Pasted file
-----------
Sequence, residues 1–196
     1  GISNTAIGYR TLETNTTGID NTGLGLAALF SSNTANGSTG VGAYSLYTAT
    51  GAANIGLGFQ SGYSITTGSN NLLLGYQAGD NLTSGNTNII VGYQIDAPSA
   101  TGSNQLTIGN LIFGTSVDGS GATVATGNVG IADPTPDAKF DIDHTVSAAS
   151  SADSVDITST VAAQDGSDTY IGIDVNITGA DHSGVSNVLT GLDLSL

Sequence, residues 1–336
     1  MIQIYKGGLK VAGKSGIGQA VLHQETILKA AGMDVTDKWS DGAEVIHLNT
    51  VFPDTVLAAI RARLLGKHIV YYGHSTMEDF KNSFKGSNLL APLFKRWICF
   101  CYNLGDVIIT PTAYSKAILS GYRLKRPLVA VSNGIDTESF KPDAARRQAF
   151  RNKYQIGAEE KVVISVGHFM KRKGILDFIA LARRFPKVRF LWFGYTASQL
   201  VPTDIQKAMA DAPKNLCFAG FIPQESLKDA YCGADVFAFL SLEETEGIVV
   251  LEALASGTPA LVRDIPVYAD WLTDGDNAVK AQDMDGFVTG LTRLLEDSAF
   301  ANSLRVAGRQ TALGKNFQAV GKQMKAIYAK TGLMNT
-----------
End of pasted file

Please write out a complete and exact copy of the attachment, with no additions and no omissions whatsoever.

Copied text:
Sequence, residues 1–196
     1  GISNTAIGYR TLETNTTGID NTGLGLAALF SSNTANGSTG VGAYSLYTAT
    51  GAANIGLGFQ SGYSITTGSN NLLLGYQAGD NLTSGNTNII VGYQIDAPSA
   101  TGSNQLTIGN LIFGTSVDGS GATVATGNVG IADPTPDAKF DIDHTVSAAS
   151  SADSVDITST VAAQDGSDTY IGIDVNITGA DHSGVSNVLT GLDLSL

Sequence, residues 1–336
     1  MIQIYKGGLK VAGKSGIGQA VLHQETILKA AGMDVTDKWS DGAEVIHLNT
    51  VFPDTVLAAI RARLLGKHIV YYGHSTMEDF KNSFKGSNLL APLFKRWICF
   101  CYNLGDVIIT PTAYSKAILS GYRLKRPLVA VSNGIDTESF KPDAARRQAF
   151  RNKYQIGAEE KVVISVGHFM KRKGILDFIA LARRFPKVRF LWFGYTASQL
   201  VPTDIQKAMA DAPKNLCFAG FIPQESLKDA YCGADVFAFL SLEETEGIVV
   251  LEALASGTPA LVRDIPVYAD WLTDGDNAVK AQDMDGFVTG LTRLLEDSAF
   301  ANSLRVAGRQ TALGKNFQAV GKQMKAIYAK TGLMNT